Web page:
Investigating Animal Crimes: What Law Enforcement and Other Justice Professionals Need to Know

Investigating Animal Crimes: What Law Enforcement and Other Justice Professionals Need to Know
Duration: 60 Minutes
Module 1 Resources
Recorded on: 2019-01-31
Unit 1 Slide Deck: Investigating Animal Crimes
Unit 2 Workbook: Investigating Animal Crimes
Unit 3 Recording: Investigating Animal Crimes

The link between animal cruelty and other forms of violent crimes is being recognized by more and more sectors that are involved in the cases. This awareness is creating an opportunity for everyone involved – law enforcement, criminal justice, human services, and animal control, to intervene and prevent further violence or more severe crimes to transpire.

For this session, Leigh Anne Garrard from the American Society for the Prevention of Animal Cruelty (ASPCA), is our resource speaker. She has an extensive experience dealing with animal cruelty cases having served as an Animal Control Officer, an instructor at the University of Missouri’s Law Enforcement Training Institute and the National Animal Cruelty Investigations School, and the Director for Chatham County Animal Service in 2012. Currently, she works as the Regional Investigator for ASPCA providing support to law enforcement on animal abuse cases and is an Active Duty Reserve Officer for the Pittsboro Police Department in North Carolina.

Some of the specifics Leigh Anne delved into on the course include:

  • The seriousness of animal cruelty as a crime that must be given as much attention by law enforcement.
  • How animal cruelty can serve as a foot in the door for law enforcement to uncover direr crimes that are layered with animal abuse.
  • Statistics that exhibit the likelihood of animal abusers to commit violent crimes, property crimes and drug-related offenses.
  • The significance of persevering when handling animal calls that are often not taken seriously and building strong and well-documented cases.
  • Challenges related to knowledge, option, and resources that an investigator may encounter in animal cruelty calls.
  • Essentials to consider and best practices when responding to animal cruelty calls and working on these cases that stress:
    • The importance of professional behavior when dealing with the people in the scene and working with partner agencies.
    • Collaborating and cultivating positive working relationships with different stakeholders for a successful animal cruelty case.
    • Ensuring that a resolution to a call will be put into place at the soonest possible time.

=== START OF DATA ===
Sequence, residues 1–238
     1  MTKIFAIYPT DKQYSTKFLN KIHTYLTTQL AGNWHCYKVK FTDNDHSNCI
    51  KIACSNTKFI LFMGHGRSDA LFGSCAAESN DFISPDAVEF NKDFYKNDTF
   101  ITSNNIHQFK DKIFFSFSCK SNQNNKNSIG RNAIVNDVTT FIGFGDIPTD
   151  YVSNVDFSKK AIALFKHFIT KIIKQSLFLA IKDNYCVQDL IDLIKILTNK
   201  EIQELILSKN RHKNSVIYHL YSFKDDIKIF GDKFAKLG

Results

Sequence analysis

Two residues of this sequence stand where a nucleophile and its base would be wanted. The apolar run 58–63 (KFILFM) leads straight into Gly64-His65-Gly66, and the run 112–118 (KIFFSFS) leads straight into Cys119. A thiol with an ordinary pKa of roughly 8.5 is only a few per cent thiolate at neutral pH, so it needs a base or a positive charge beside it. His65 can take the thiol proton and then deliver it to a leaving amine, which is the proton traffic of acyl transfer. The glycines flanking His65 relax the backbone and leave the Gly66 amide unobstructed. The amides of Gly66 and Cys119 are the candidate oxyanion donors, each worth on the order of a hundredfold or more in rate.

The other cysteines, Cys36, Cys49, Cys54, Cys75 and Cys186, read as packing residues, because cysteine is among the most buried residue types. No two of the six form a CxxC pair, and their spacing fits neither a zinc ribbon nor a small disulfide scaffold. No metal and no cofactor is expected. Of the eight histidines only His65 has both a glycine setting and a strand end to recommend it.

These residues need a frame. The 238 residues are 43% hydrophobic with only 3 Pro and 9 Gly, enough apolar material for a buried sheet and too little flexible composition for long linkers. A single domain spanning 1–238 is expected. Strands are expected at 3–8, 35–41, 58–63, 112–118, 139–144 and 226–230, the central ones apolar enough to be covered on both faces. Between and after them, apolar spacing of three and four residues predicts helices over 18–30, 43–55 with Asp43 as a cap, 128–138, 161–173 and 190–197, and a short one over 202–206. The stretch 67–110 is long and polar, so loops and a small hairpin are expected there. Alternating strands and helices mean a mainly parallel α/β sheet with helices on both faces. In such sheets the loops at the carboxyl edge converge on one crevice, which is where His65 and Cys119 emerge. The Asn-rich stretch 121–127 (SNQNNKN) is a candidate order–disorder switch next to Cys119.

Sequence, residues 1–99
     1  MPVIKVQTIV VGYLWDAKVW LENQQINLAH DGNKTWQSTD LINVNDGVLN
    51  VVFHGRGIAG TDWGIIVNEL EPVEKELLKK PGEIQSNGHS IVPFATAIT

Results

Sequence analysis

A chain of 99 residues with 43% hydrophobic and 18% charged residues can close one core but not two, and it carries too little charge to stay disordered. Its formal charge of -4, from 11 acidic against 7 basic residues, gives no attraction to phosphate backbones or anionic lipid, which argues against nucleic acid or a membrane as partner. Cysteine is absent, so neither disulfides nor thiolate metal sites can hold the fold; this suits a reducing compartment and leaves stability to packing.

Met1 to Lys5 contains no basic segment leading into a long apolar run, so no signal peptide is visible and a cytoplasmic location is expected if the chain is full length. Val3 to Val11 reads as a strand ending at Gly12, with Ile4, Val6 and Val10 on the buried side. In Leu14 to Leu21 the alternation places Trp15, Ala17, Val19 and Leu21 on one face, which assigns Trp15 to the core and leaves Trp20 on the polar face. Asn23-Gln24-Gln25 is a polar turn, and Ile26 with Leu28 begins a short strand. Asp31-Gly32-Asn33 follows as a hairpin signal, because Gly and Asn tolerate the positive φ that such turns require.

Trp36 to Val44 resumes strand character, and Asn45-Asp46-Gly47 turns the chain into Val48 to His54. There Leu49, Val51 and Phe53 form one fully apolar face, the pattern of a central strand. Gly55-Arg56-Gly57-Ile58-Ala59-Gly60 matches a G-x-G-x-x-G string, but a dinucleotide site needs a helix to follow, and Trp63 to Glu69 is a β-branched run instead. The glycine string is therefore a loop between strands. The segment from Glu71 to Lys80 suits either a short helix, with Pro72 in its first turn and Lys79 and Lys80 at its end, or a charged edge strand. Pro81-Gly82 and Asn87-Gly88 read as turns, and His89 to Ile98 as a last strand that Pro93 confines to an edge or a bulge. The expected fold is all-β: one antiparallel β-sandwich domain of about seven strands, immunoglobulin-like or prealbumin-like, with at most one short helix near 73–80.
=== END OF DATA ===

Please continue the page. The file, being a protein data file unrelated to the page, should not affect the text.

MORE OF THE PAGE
• Providing clear requirements and standards for compliance.
    • Thorough investigation regardless of how trivial or severe allegations may be.
    • Continuous training and learning to update with the most recent research and technology.
  • The two most common types of cruelty observed in animal abuse calls and how to handle these.
  • Animal cruelty case studies that illustrate the types of cruelty, and the link of animal crimes to domestic violence and even sexual abuse.
  • What to do in an animal cruelty call including securing the scene, taking statements, recognizing the need for medical intervention, obtaining a warrant, attending to the possibility of housing the animal in a shelter, and deep diving into the case for possibilities of forgery or conspiracy.
  • Working with veterinarians and veterinary schools to document medical conditions and procedures.
  • The link of ownership of vicious dogs that is indicative of domestic violence, narcotics offenses, and child abuse.
  • Leigh Anne explained to the audience clarifications related to:
    • The different paths towards becoming an animal cruelty investigator.
    • What whisper stops are.
    • Using DNA for breed identification.
    • Trainings related to animal care and control.
    • Where an agency can go if there is a lack of initiative from law enforcement and animal control.
    • Getting veterinarians to assist with animal cruelty cases and the effectivity of their license.
    • ASPCA’s involvement in wildlife cruelty cases.



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This webinar has been certified by the National Animal Care & Control Association and is approved for 1 Continuing Education Unit. Please refer to your NACA membership portal for current CEU submission process. Current NACA Members who attend the live presentation or watch the recording will be able to download a jointly issued attendance certificate that includes the National Animal Care & Control Association logo. Visit the NACA training page for a complete list of future trainings.




This webinar has been pre-approved by the Maine Animal Welfare Program for 1 Continuing Education Unit for the State of Maine’s ACO annual training. You can find more information about Certification, required annual training or submitting materials for credit at Maine’s Animal Control Officer Resource Page.





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